Singer/songwriter John Ondrasik, aka Five for Fighting (a hockey expression), drops his sixth studio album this month. Gregg Wattenberg and Derek Fuhrmann produced the album. Ondrasik has received early acclaim for his single "What If," released on June 11. Ondrasik is best known for his piano-based rock, and this collection highlights some of his best work, paired with his clear, fine voice and the backbeat of a classic drum kit. He opens the 11-track album with the anthem, "Stand Up," singing, "If you have to paint yourself and you’re not a clown/if you’re naked lost in space and all you wear’s a frown/ Stand up!" His voice goes up and down the scales in the love song, "What If," and he expresses his deep love in "Heaven Knows," with a charming a cappella break. "Down" is a bit hokey, as is his track "I Don’t Want Your Love," a tale of a woman who wants to settle down with him and start a family, much to his chagrin. He does better with "The Road to You," which has a pub rock, Chumbawumba feel. "She turns wine to water, she’s nobody’s daughter, a stranger to the lovers at her feet," Ondrasik sings in "She’s My Girl," which is catchy but a bit treacly. "Symphony Lane" calls to mind early Beatles’ hits like "Eleanor Rigby;" it is compelling and at the same time dour. Ondrasik has done relatively well with more than 2.5 million albums sold, a top 10 debut of "Two Lights" on the Billboard Top 200, his single "Superman" nominated for a Grammy Award, and his cut "Chances" featured in the Oscar-winning film "The Blind Side." "I don’t wanna be the son of a better man, I don’t wanna love you any more than the best I can," he sings in "Your Man," which has a rock edge to it. In addition to his musical talents, Ondrasik is also a charitable dude; since 2007, he has created charity websites for Autism Speaks, the Fisher House Foundation, Save the Children and Operation Homefront.
(Aware/Wind-up Records)


"Breathe" (Birdy)

Teen sensation British singer-songwriter Birdy (Jasmine van de Bogaerde) releases her four-song EP, on the heels of her self-titled debut in 2011. This 17-year-old from Lymington has made a big splash in the UK with her spine-tingling rendition of Bon Iver’s "Skinny Love," and followed her success with "People Help the People" and "1901." Now she’s back, after having collaborated with the likes of Ryan Tedder, Dan Wilson, Rich Costey and Ben Lovett, not to mention the legendary T Bone Burnett, on the soundtrack for "The Hunger Games." She is also featured on the song "Learn Me Right" with Mumford & Sons for the Pixar film "Brave." "In the moment we’re lost and found, I just wanna be by your side if these wings could fly," she croons in "Wings." She hits the high spots on the register in the piano-accompanied track "Shine," singing, "if the world gets you down, don’t be afraid to wrestle it... you have your whole life ahead of you, come make the best of it." Unlike many teen artists, Birdy doesn’t seem to be solely driven by bubble-gum pop; her sound is introspective, and she reportedly plays her own guitar backing in both her recording sessions and live performances. Her single "What You Want" is a serious and sad track in which Birdy wishes she could fly away, with her love as the sun shining on her. The song draws to a dramatic tension that well serves her style. The EP closes up with a live recording of "Skinny Love" from the Sydney Opera House this April. Her slow piano chops overlaid with her high soprano are more haunting than Bon Iver could ever have envisioned. With a start like this, there is no way Birdy won’t fly on this side of the pond.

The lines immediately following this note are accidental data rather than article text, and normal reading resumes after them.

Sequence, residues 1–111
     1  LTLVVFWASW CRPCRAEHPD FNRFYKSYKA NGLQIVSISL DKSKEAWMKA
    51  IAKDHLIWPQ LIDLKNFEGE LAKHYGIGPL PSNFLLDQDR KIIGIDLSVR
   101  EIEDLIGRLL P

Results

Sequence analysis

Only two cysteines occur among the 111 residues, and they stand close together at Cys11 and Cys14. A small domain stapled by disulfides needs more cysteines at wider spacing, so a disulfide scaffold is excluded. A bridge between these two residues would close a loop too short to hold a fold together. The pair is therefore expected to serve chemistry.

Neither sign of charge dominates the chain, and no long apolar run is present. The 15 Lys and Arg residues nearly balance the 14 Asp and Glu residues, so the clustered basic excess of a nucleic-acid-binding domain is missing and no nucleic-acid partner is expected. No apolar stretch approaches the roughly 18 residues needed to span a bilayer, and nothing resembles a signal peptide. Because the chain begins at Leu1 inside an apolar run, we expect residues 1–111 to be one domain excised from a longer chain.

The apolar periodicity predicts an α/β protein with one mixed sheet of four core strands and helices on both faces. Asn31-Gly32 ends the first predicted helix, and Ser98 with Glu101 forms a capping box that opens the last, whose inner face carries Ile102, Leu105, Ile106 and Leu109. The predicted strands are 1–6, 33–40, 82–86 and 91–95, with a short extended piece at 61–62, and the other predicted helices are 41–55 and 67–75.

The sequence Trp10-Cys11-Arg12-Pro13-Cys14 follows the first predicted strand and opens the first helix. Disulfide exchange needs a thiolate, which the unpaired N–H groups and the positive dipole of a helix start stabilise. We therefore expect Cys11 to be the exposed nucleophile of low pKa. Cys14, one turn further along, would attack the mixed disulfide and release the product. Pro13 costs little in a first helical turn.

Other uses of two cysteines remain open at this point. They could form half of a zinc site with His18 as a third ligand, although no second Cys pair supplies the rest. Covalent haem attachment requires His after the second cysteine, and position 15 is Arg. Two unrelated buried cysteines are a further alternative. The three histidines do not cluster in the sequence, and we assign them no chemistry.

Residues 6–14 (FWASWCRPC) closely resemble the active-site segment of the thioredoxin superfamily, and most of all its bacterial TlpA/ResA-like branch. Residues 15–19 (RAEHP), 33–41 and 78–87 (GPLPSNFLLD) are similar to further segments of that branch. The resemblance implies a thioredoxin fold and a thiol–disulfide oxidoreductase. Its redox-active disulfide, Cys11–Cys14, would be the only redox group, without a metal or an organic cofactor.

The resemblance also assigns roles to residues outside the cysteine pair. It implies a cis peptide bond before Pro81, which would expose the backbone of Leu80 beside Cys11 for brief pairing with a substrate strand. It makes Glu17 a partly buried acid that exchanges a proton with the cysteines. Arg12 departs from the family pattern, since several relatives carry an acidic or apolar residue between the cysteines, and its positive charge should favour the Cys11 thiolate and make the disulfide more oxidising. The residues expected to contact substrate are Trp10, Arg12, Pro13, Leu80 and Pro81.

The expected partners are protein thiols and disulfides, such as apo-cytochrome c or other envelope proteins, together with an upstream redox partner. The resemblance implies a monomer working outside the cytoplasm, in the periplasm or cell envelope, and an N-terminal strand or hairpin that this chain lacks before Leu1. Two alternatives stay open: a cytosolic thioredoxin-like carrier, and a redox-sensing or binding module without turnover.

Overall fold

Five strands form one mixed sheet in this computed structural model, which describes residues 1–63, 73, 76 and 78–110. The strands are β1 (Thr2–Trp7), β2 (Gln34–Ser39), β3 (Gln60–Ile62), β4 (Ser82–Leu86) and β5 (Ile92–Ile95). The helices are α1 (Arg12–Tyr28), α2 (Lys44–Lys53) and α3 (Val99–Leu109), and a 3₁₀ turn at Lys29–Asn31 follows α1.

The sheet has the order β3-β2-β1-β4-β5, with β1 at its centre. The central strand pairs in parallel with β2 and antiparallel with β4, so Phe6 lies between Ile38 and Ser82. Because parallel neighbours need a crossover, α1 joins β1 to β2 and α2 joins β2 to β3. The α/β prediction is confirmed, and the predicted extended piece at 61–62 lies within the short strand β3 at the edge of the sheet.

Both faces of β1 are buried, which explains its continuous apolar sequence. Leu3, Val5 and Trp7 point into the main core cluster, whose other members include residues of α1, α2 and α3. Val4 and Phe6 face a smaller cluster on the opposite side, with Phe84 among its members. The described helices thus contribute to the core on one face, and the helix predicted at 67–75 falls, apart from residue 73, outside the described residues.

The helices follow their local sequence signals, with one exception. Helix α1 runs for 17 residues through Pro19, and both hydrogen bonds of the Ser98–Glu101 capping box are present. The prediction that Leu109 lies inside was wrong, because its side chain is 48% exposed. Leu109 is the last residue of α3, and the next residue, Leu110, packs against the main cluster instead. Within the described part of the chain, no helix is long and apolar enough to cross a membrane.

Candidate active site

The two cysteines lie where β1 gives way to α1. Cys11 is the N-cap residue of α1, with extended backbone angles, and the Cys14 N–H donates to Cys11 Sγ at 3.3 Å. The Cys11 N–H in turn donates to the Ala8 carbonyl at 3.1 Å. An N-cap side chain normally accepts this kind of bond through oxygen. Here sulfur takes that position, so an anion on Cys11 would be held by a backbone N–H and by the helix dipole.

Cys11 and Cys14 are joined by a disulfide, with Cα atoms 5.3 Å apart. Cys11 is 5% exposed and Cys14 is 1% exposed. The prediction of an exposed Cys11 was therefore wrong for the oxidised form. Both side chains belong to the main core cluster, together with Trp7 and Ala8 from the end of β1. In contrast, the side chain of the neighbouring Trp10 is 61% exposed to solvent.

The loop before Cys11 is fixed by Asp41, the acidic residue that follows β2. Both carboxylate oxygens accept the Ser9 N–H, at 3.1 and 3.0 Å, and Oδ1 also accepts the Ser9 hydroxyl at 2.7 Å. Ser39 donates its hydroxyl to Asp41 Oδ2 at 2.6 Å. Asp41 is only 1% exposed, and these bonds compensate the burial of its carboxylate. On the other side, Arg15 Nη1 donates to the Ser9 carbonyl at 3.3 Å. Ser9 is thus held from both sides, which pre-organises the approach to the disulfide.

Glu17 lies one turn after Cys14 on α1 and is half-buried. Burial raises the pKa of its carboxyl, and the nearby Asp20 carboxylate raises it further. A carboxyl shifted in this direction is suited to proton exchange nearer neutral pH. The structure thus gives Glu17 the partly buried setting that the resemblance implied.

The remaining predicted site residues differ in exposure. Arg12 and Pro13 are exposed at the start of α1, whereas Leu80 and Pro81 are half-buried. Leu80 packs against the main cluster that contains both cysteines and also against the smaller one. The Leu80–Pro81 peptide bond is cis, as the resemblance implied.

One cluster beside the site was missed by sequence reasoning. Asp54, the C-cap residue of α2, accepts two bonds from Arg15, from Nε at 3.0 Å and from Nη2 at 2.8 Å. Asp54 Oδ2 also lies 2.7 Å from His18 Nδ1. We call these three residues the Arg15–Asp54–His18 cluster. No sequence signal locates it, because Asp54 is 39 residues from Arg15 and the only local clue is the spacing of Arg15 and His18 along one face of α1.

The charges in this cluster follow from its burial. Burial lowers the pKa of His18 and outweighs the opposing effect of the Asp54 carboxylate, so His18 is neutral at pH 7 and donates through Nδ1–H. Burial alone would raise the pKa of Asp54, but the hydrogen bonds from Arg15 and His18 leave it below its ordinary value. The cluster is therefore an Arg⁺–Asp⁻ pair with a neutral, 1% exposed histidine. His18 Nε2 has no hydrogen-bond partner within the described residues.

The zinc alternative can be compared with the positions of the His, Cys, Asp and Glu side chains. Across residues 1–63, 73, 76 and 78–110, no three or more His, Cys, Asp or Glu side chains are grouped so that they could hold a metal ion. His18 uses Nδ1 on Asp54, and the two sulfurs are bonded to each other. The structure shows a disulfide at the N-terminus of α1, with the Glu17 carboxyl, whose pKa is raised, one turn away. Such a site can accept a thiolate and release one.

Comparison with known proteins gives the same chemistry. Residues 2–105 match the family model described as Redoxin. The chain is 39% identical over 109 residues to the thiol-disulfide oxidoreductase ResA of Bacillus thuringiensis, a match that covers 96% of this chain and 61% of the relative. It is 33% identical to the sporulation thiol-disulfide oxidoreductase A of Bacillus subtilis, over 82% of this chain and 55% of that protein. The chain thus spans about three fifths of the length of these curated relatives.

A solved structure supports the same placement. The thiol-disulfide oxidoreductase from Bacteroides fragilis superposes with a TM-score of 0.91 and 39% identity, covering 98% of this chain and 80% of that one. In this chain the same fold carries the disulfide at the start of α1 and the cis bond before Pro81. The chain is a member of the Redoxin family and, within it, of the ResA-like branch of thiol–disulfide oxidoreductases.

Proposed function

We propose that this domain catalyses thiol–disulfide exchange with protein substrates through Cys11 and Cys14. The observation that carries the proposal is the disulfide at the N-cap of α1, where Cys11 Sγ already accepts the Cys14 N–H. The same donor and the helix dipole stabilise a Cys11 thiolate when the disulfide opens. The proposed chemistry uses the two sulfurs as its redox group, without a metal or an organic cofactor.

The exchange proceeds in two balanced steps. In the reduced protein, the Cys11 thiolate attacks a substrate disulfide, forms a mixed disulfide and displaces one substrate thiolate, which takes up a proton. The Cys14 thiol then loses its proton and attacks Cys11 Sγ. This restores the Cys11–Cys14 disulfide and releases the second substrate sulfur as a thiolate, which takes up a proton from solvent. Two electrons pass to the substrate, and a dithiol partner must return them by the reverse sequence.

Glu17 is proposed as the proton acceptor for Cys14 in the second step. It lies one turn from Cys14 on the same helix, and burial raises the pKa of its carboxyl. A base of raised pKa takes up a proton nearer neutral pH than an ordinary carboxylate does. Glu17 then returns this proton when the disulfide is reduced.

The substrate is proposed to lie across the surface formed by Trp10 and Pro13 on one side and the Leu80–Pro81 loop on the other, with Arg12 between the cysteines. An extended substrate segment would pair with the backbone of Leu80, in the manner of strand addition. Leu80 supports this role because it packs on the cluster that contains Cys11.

(Atlantic Records)